In my room -- where the books seem to have been busy taking over large swathes of territory, claustrophobically embracing me in their literary heat -- I seem to be in unceasing dialogue with the city that raised me. Every whirr, cackle, hum and hiss is comprehensible to me; these metropolitan pulsations are adding up to something; in the wee hours of my jetlagged morning the city and I are briefly but completely one, as I find myself unexpectedly gifted, and able to decipher these signals. I'll tell you something odder -- as I walked along the streets of Singapore once more in the burning sun, the much-decried heat and humidity incited not discomfort but joy. I am gloriously alive, attuned to the city, and it seems to me bursting at its seams with opportunity, novelty and excitement. The buzz and the hit of Singapore is now, to me (I didn't think I'd ever say this) comparable to the stimulant-rich melange that is London. Perhaps it's all distorted by the sheer relief of returning back home -- the enveloping sense of security, the lack of anxiety and worry while I sleep -- but I suspect something else is going on here. In my feverish diagnoses I've been unable to pin down why -- but Singapore now excites me once more. (This is not some pathetic attempt at neo-jingoism. Though, as if on cue, as I made my way home from the airport, the Chinese radio host spoke about the sense of security (安全感) he felt landing in Singapore's Changi Airport. And then, and one couldn't make this up, Kit Chan's '家' (Home) was played.)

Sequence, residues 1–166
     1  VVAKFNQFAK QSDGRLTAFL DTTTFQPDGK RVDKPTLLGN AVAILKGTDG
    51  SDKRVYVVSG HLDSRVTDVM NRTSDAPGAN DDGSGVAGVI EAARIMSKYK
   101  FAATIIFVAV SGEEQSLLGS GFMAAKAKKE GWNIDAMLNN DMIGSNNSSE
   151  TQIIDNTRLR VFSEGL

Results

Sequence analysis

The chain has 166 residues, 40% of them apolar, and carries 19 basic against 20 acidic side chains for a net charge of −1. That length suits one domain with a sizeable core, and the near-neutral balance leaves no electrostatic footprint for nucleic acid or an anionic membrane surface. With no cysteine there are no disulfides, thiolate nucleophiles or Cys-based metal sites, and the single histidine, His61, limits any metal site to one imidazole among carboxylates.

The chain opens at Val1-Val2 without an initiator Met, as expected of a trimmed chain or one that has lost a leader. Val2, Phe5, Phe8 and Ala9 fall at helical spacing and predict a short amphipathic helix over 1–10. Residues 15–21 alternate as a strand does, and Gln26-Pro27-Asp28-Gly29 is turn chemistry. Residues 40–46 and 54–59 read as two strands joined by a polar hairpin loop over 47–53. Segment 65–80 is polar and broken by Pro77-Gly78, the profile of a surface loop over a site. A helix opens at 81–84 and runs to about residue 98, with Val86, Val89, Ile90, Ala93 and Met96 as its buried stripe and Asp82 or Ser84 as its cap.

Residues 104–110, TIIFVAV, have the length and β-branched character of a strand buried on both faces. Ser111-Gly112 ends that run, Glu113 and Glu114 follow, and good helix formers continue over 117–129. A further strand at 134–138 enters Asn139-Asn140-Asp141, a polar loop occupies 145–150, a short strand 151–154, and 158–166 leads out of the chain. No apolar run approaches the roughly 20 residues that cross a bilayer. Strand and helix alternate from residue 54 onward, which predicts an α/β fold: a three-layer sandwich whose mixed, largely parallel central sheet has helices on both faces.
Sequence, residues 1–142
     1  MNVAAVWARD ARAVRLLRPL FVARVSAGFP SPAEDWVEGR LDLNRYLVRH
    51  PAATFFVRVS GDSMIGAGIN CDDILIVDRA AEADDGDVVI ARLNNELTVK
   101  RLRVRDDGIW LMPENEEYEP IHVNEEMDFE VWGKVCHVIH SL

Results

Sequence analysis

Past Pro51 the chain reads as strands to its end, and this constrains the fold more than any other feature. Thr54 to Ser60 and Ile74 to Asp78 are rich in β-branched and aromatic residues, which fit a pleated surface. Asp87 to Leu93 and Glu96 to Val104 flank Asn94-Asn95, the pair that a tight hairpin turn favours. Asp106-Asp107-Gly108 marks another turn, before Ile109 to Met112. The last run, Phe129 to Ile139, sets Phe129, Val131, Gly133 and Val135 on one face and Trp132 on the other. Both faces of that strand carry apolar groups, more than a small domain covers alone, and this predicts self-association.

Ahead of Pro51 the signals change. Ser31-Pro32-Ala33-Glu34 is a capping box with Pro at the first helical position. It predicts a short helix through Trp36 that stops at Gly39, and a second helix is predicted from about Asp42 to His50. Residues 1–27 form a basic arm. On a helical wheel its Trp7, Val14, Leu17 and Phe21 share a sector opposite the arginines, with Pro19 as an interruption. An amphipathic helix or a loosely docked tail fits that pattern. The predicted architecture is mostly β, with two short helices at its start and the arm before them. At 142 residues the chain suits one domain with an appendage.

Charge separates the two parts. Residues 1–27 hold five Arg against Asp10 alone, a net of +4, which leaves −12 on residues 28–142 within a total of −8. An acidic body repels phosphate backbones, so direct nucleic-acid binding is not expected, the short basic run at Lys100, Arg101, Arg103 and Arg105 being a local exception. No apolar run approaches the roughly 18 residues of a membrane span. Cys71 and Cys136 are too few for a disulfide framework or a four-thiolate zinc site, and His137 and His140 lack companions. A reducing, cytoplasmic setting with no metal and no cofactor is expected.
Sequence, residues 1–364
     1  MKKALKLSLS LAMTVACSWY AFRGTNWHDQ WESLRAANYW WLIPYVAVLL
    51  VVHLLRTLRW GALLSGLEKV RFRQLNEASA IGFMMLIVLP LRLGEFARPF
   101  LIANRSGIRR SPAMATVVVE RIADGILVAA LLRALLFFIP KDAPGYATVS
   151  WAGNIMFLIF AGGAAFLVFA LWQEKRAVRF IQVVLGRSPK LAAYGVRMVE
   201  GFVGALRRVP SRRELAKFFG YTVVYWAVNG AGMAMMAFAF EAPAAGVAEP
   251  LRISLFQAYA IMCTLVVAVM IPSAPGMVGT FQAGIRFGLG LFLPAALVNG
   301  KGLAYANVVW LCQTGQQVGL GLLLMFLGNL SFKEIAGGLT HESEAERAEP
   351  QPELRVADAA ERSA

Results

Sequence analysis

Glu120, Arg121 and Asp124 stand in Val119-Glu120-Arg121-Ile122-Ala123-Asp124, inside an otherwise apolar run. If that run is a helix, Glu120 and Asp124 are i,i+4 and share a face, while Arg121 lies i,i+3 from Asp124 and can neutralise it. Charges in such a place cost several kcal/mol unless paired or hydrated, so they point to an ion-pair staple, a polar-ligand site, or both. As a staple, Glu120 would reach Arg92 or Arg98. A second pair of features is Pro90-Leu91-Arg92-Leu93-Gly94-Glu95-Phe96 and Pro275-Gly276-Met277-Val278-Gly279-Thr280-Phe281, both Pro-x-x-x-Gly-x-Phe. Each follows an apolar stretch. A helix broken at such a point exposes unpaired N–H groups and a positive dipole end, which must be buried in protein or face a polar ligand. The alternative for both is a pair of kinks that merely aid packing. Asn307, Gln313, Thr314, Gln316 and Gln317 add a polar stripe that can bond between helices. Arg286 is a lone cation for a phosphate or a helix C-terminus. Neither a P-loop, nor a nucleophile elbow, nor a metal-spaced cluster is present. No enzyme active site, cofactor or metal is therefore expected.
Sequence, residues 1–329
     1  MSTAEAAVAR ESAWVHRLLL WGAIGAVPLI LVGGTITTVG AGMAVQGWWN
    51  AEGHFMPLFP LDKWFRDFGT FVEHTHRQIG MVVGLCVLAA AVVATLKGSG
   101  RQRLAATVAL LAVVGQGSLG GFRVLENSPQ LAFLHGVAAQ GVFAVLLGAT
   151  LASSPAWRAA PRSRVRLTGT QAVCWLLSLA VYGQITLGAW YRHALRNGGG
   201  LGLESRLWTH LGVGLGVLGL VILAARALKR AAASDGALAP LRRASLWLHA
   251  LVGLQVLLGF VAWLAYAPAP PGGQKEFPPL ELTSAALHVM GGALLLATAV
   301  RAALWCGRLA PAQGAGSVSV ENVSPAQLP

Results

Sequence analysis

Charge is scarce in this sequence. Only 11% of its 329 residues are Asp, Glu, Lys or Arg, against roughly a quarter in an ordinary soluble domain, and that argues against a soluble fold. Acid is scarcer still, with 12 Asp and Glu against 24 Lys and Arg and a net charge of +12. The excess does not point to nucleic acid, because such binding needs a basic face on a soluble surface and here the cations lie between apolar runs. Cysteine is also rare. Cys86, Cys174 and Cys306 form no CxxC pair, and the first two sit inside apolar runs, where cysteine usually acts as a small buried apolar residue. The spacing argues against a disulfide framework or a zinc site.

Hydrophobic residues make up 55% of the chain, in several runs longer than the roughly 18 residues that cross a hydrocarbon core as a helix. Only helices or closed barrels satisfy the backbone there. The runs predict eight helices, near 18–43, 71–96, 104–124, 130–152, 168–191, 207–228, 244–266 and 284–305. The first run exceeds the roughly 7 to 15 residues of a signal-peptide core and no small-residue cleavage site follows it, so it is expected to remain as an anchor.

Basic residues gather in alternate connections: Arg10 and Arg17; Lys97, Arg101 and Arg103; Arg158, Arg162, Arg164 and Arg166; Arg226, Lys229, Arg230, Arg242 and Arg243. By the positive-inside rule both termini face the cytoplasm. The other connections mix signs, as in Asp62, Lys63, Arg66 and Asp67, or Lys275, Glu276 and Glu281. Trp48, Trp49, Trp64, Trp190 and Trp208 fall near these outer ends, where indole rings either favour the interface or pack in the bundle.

That other city that's figured so largely in my life -- Oxford -- has a wholly different feel, though I felt a similar sympathy. My room in the first year -- now, terrifyingly, a ghostly memory -- had a view of Oxford's famed spires and the River Cherwell. (On the best of days, the view, along with a cup of Earl Grey and the companionship of the corridor team, made work almost painless.) Throughout the year though, it was no dialogue. Instead, Oxford declaimed itself to me through my window in stentorian tones. Fascinated, I listened. It had a lot to say, too. It was not furious dynamism that one feels in Oxford, of course. Instead, it's the sheer accumulation of tradition, almost but not quite approaching wisdom (for one never gets there), that first humbles, then instructs and delights. It claims immutability, imperishability and changeless authority. For some, this is stultifying and suffocating. For me, it was a revelation that led to a belief I've now come to hold very deeply -- that tradition is of immense value, even if it is often confected. Furthermore, it is our responsibility to participate in, and even lead, this fabrication if all else fails.
I don't think I could have chosen two more dissimilar cities. In concert, they have taught me much. In Oxford, the preponderant weight of history will seem, in Joyce's formulation, to be a nightmare from which one is trying to awake. (Coincidentally, Marx: 'The tradition of all dead generations weighs like a nightmare on the brains of the living'.) In Singapore, the future seems too full of terrifying possibility and nauseous freedom. When I think about these two cities (in) which've forged my life thus far, I am ever more aware of the irresolvable dilemma, the impossible situation that every person that fancies him/herself to be an historical actor has to face up to: the fact, as Hannah Arendt so ably perceived, that one is inextricably caught in the unhelpful position of being in the present, of being the product of the clashing of the (seemingly) infinite past and the infinite future.